You are probably a person with great skills and will, but why you do not succeed in what you do? What’s the mistake? What’s wrong with you? Maybe what you have is Lack of. It’s a lack of something. In our first articles of this series, we talked about lack of “priorities”, lack of “team”, lack of “listening”, and lack of “courage”. Now we are going to talk about “Lack of ” community.
A lack of community
Any project has its own stakeholders. There is no project without stakeholders. Even the simplest egoistic project like buying a car, need you to interface with some people to make money to buy it and to get the best option in the market. We have already talked about a lack of “listening” and said that in the 21st century being able to listen deeply to the project stakeholders is an essential skill. We also have talked about “a lack of team” and we said that being a part of a team (not too big) can be a great opportunity for increasing your possibilities of succeeding with your project. Now we are going to talk about “a lack of community”. Sometimes you have a project that is local, and you need to push yourself into a community of people: you need much more than spur your team, you need a community involvement; you need a community at work. A real leader is not simply the one that works as a top manager in a big company. A real leader is the one that is able to push his/her community into a project and together get the goal.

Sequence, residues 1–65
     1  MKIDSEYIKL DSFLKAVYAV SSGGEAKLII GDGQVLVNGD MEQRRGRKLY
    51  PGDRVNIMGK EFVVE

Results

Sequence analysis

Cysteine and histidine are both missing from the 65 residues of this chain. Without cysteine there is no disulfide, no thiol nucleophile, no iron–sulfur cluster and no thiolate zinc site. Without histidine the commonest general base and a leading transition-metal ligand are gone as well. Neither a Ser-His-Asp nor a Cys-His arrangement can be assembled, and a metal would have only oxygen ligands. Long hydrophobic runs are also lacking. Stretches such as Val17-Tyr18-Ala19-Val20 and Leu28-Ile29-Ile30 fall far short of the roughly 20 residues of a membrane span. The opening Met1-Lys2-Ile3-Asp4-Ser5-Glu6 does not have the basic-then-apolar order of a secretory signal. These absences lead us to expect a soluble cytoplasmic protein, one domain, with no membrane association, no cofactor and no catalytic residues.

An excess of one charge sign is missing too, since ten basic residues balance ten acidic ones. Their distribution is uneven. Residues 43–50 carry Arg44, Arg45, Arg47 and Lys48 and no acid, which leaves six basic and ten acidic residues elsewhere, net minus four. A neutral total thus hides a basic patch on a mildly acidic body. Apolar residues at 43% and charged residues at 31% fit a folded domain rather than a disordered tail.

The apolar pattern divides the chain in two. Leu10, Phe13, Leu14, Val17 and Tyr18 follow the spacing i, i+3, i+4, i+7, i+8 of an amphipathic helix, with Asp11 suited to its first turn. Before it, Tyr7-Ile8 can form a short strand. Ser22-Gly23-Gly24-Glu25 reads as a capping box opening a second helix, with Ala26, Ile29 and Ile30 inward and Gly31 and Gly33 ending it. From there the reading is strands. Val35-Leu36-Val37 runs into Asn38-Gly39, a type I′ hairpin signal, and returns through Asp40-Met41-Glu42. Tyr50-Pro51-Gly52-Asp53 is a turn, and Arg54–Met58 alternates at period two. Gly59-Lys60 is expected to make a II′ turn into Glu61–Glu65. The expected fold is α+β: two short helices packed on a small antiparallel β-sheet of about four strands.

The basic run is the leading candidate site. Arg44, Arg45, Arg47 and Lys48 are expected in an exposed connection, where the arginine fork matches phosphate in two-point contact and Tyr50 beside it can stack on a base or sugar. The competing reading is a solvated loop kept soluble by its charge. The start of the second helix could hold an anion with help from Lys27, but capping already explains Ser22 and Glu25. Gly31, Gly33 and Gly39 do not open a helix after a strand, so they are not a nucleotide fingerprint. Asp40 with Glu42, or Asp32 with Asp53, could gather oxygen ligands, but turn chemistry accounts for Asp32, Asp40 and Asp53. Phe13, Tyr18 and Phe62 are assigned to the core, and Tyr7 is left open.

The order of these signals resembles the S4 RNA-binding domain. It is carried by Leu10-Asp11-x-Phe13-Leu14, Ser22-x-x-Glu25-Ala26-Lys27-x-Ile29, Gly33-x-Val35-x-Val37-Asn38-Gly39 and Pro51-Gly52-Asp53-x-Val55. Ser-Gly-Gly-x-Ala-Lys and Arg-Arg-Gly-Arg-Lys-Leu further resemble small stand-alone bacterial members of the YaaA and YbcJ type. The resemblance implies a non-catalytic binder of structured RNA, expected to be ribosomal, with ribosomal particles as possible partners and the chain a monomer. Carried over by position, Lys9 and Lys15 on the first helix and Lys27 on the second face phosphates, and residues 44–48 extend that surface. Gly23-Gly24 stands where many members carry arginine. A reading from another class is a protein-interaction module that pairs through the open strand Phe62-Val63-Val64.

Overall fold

“People are unable to fully understand their neighbour. Each of us is partly obscure even to himself. Being able to understand one another one hundred percent is always impossible. This is why people constantly strive to get to know themselves and others. And that’s what makes life so interesting. “
Remove your ATField
The AT Field is the code name of Absolute Terror Field. This expression has been taken from Evangelion, a Japanese anime, and is the soul barrier, a sort of shield, thanks to which we are individuals that are well-distinct from others. The A.T. Field is the result of the porcupine dilemma: it’s the barrier men raise around themselves to avoid being hurt by reality and others. It is also sometimes used in psychology to describe the barrier autistic children put between themselves and the external world. The biggest is your AT field the smaller is your ability to communicate with other people or even to get what Otto Scharmer from the MIT calls deep listening.
To get a community at work, you need to remove part of your AT field so that the other members do the same. This is the only way to reduce the distances between yourself and your community. If in the 20th-century hierarchy was what granted a leader to move a company, now we need to remove the AT field to get a community at work. You and the other members are no longer individual people protected by your AT Field, but you are part of a much bigger organism, you are part of a community.
It is not simple but it starts with having no fear in opening yourself and start dialogue with who is part of the community. Try to talk with them. Listen to them. Help them. Show them that you are full of competence but that at the same time you are a person like them. Remove what distances yourself from them. Remove your psychological shield; remove your At field.
“Community leadership is the courage, creativity and capacity to inspire participation, development and sustainability for strong communities.”